Highs:  Well it’s no secret I think no BA nails treble like a good dynamic can.  However the 200 Altone is continuing the recent rash of BA drivers up top that are substantially impressive technically.  Again in comparison to the 100II I cannot truly say these are “better” and I suspect they are the same driver at work.  All tonally over on the cool and dry side which lends itself to a very explicit feel.  Dryness makes everything that touch more separate and make those treble impacts more distinct.  The danger in doing this is that you take it too far and do a DBA-02 and abound with brutal and abrasive detail.  Not so here thank god.  The highs and clean, distinct and yet have practically no harshness.  Even when paired up to the slightly bright Studio or the FireyeDA the highs stayed perfectly poised.  Not to over credit it, at its price its treble doesnt hold a candle to the miraculous old RE-0 but what does?

Quantity wise it’s all about the same as the mids and bass, that W shape remember.  So the treble is in fair abundance but it’s not one aiming for treble junkies and neither is it particularly relaxed or one for those treble sensitive souls out there.

Soundstage:  In terms of size it’s so so.  It’s much more adept at the imaging and instrument separation aspects.  The stage before you may be rather close and stretch quite far on either side, it has little in the way of real depth to it.  The instrument separation, as often seems the case with triple drivered and three way crossover IEM’s, is top class.  Its three drivers working independently makes everything utterly distinct, granted at the slight cost of integration but who cares.

Fit:  Absolutely fine.  No weird shapes, no annoying ear guides no anything that is in anyway likely to upset anyone.  Oh and equally happy worn up or down.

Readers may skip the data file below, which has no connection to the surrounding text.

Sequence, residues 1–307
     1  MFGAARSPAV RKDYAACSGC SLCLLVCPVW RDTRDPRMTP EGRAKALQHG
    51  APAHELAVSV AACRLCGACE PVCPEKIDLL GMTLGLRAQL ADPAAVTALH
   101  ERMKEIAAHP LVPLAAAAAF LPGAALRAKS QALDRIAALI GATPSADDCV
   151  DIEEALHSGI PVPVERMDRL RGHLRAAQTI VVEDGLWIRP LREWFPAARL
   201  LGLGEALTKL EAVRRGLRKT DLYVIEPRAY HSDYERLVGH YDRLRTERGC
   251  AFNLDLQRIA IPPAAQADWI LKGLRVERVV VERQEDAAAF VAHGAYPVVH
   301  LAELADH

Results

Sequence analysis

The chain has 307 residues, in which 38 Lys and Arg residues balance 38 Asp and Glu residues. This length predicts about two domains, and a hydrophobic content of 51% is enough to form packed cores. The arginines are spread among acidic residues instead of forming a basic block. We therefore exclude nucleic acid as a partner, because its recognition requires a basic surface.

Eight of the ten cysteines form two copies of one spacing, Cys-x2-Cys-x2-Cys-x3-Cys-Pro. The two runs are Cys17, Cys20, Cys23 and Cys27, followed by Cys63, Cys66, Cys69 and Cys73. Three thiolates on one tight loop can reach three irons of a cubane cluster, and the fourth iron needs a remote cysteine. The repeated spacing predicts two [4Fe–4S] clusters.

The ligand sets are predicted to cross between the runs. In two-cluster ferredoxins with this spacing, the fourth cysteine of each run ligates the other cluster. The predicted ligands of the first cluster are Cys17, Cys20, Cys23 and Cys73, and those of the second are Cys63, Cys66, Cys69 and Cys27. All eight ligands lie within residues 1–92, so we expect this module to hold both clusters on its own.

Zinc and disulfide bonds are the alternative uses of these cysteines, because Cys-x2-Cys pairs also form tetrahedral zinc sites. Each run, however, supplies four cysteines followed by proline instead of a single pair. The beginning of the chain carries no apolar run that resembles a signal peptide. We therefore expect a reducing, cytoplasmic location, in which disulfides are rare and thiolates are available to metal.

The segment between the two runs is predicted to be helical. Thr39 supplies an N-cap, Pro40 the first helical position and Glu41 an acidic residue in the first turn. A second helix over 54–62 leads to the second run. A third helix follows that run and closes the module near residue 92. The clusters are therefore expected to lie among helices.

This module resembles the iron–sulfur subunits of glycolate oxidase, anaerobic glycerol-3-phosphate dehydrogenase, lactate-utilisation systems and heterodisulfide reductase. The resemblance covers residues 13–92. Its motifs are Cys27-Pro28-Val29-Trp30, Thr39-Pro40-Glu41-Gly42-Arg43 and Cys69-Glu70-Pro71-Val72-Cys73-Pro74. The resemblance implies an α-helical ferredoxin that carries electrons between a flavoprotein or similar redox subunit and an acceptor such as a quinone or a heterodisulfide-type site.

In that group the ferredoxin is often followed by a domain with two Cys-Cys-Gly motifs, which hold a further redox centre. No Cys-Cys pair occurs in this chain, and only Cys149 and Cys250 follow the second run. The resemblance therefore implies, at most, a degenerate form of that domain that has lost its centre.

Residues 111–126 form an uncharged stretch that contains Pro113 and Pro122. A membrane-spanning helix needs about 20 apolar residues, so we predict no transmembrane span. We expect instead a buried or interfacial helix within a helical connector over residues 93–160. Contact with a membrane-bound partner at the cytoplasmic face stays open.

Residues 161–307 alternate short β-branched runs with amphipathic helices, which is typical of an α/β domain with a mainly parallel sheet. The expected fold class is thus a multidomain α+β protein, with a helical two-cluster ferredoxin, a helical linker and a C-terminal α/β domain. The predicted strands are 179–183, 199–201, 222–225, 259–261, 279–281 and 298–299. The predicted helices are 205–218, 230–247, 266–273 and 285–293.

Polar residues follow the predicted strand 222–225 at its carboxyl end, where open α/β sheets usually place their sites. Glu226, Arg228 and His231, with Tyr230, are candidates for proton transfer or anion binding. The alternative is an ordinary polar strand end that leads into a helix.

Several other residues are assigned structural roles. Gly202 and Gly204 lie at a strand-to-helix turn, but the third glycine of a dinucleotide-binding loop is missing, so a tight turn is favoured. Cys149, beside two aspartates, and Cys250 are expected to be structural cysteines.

Comfort:  Just grand.  Like with the fit, I can’t really see anyone having any particular issue with them.

Microphonics:  The usual, wear up none, wear down you do.  Still if you have to wear down the chin slider cures things adequately.

Amped/Unamped:  Well, like the recent 3 way triples from DUNU and its 100II sibling these really don’t need an amp.  Sure you see a bit of a benefit but even out of my little Nexus 5 it was easily adequately driven and still sounded most magnificently pleasing to the ear.  There was a slight pull towards the bass and the treble.  The treble quality out of the phone isn’t anything like as good as the Studio or DA and accordingly the treble was diminished.  Still, who cares?  These are so easily driven to utter magnificence even out of a lowly phone it’s something that just a few years ago would have been an impossibility.

However it’s not like a much better source and amp are not things you should aim for with these.  Just because they sound exceedingly good out of just a phone its does not mean you won’t get even better with a real DAP.  It’s more that if you insist on using a phone, these are one that is very easy to drive.

Isolation:  With the foam tips on it’s rather good.  It’s at the rather good for having a dynamic in them, which still falls rather short of what you can get with deep seating, fully sealed BA gives.  So yadah yadah yadah, fine for on a bus, easily enough to get you run over but not really flight to New Zealand levels that BA things can provide.

Build Quality:  Just like its sibling the 100II the build is just dandy.  The buds are metal, the cable seems fine and the jacks fine too.

Accessories:  You get the usual bunch of tips and you also get a soft pouch thing.  While I’m not really going to say the pouch is off putting but I’d have rather seen a hard case of some sort.  A few quid on fleabay will get you one if you want.